• It should be good at surfing the web, at least as good as the iPhone is currently, and be able to view some version of all standard web pages, not just the "mobile version."
  • I think it probably should also support Flash. It should be MY decision, not the decision of Steve Jobs, if I want to take the risk of running Flash. Maybe I should have to sign a disclaimer saying that I know I'm an idiot if I want to do this, but then, I should still be able to do it. Please, just let me be my own idiot when it comes to installing and running programs on my device that, technically, should be able to run on that device just fine.
  • It should be able to run a variety of other applications, within reason (i.e. I don't expect to be able to run a full-fledge GIS on it, but a slim version of Google Earth might be nice).
  • It should have the standard accelerometer, gyroscope, compass, GPS, and other functions that any modern iPhone or competitor now has, and the ability to use them.
  • It should be tough. Like Dvorak has suggested, "make the thing out of tungsten. Drop it, and it would break the floor. Tungsten has a great finish. People will ask, "wow, it's actually made from tungsten?"" Or, you know, find some other way to make it really tough, and hard to break... I don't care if it's tungsten, titanium, aluminum, or just stainless steel. I've dropped my current phone dozens of times, on a variety of surfaces. It's a flip-phone... that's one of the reasons I like the flip-phone design. The thing just takes it and keeps working, and it's made out of plastic. Give me a reason to pay $50 more for something that will last a long time (like a MacBook Pro laptop or a Mercedes), and I will.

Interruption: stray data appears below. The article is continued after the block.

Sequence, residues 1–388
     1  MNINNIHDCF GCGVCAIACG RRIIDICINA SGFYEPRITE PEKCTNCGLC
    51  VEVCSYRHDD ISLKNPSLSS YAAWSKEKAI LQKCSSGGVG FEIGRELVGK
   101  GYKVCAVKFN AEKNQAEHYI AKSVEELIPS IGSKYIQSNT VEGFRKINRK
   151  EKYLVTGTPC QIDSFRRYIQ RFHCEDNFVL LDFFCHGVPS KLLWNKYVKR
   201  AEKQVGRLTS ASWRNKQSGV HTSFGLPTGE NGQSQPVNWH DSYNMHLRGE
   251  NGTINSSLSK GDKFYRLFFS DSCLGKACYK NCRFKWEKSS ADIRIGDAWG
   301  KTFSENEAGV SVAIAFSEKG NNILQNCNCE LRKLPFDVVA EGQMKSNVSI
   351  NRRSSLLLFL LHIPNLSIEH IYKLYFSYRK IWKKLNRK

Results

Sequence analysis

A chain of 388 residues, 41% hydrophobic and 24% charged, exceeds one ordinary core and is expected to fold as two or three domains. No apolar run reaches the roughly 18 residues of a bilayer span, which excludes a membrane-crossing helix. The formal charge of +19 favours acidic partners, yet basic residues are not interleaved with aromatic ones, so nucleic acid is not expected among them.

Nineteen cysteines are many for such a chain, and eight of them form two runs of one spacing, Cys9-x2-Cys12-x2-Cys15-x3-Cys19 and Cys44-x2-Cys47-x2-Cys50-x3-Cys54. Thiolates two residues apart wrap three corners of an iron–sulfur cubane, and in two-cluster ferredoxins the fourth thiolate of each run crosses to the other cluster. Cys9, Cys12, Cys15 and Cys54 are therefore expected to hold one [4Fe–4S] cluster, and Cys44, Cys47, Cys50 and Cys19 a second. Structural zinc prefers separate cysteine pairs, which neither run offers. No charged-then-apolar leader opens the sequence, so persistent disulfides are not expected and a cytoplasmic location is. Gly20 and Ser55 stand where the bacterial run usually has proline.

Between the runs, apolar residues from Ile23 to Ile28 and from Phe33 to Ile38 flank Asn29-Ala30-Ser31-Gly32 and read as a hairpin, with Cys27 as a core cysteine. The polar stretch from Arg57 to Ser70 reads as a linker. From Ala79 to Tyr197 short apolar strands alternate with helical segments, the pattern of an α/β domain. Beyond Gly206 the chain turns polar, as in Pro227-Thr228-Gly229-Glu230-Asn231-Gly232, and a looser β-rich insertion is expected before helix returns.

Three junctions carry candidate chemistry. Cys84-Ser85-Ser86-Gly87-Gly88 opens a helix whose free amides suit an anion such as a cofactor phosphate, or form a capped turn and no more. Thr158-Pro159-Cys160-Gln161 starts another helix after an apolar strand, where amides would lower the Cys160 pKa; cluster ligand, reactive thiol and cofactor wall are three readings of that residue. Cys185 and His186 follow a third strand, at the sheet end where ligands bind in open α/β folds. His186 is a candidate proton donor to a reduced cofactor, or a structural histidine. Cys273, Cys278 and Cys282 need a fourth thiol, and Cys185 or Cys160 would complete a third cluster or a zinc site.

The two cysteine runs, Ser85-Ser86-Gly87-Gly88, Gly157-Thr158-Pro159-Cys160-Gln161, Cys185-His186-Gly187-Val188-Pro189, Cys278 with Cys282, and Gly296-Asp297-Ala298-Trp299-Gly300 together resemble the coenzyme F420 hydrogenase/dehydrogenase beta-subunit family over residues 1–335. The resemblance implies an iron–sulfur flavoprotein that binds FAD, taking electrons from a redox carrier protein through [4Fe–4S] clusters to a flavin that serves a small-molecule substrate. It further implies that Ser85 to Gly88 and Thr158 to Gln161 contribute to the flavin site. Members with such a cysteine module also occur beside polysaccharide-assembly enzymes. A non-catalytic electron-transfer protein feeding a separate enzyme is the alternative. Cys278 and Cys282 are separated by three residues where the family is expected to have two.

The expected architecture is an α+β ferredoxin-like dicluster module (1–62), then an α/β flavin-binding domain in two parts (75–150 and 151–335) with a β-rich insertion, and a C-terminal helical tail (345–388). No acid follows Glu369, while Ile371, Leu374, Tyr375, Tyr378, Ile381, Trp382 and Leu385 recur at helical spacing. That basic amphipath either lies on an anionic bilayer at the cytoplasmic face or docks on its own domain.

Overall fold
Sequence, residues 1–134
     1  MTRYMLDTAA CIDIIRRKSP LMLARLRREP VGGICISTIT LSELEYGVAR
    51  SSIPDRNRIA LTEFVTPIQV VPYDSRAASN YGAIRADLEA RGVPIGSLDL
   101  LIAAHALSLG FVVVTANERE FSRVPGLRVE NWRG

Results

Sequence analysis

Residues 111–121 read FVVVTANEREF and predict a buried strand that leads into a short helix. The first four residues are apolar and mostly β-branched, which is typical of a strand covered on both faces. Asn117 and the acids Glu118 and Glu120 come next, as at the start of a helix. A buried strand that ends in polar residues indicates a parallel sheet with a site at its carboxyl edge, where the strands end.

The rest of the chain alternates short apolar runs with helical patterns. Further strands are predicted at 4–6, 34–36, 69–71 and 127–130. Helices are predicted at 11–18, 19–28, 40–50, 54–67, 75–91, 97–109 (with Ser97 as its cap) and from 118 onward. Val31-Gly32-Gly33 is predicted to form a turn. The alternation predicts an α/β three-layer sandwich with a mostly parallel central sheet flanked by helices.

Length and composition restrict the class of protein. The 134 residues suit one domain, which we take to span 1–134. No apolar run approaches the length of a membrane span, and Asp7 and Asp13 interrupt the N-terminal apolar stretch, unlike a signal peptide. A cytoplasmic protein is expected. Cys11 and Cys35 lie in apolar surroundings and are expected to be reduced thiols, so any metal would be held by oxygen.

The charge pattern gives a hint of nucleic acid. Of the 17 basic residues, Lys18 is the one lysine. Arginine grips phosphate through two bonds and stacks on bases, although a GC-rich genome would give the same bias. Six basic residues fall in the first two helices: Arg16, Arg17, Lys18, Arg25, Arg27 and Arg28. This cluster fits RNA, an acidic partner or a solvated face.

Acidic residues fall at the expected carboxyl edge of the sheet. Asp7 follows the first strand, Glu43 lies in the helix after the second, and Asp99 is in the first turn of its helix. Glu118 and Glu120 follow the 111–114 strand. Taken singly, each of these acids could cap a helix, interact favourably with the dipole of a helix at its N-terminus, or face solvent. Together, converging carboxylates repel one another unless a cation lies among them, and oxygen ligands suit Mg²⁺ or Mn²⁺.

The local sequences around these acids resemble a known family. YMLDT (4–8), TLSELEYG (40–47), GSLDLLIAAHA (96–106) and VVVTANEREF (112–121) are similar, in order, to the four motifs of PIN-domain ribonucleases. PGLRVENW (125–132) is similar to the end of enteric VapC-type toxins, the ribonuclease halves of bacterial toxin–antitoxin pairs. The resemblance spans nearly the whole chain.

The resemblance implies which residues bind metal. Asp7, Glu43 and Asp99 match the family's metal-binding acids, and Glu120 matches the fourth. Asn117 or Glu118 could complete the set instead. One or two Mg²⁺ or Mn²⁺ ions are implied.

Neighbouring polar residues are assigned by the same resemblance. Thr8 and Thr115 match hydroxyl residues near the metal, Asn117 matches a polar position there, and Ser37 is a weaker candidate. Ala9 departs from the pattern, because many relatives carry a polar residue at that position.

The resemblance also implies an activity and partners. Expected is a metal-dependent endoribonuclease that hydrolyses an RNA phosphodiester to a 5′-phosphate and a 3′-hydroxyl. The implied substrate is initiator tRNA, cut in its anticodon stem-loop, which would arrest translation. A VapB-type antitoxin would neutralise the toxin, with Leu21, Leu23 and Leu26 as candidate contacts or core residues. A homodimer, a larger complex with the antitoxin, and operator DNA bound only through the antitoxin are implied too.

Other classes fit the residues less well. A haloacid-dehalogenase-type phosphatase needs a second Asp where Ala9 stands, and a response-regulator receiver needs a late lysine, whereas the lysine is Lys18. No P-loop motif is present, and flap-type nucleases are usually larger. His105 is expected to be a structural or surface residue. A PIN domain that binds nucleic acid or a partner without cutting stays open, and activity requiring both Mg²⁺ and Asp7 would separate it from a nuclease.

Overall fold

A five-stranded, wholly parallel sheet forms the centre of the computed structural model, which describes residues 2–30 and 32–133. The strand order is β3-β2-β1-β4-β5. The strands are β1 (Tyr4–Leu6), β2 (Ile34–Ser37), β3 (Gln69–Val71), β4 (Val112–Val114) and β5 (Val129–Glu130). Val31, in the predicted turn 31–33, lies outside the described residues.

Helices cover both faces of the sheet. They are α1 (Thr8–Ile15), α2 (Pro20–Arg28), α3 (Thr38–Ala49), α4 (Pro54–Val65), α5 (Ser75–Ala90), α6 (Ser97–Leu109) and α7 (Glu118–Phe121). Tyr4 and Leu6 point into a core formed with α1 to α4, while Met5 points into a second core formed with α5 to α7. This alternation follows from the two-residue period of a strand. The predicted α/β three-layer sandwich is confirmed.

• Maybe it should have night-vision camera capabilities. That would be cool... or even just the ability to hold it up and see the night-vision view on the screen. OK, that's maybe just a cool idea for an app, I don't quite understand all the technology involved. That's not a requirement.
  • It should definitely have the ability to run a powerpoint show (via some dongle that, say, plugs into its USB or monitor out port and into a standard VGA cable) or even show movies via a projector or TV. After all, it will be able to hold dozens of movies on its massive HD, why not allow you to watch them on a full-size screen?
  • It should have an average-size screen. The screen on the iPhone is fine. In fact, the dimensions of the iPhone are about perfect. It could even be a little bit thicker, to accommodate more battery and more storage device (hard drive, flash drive, whatever works best). Not TOO much thicker, but a few more millimeters wouldn't be a deal-killer.
  • It should be tough. Did I say that already? If it gets dropped, I don't want anything breaking, including the screen. MAKE IT TOUGH. I'll pay extra. I need to make that clear. Also, just build it to last -- don't skimp on the components, go for the high-quality stuff. But, within reason. I'd pay $400 for such a device, maybe even $500 with a good warranty... but not much more... so, be really smart about the design and manufacturing...
OK, that's a pretty long list, so I'll quit while I'm ahead. I think you get the picture. Comments are open and welcome.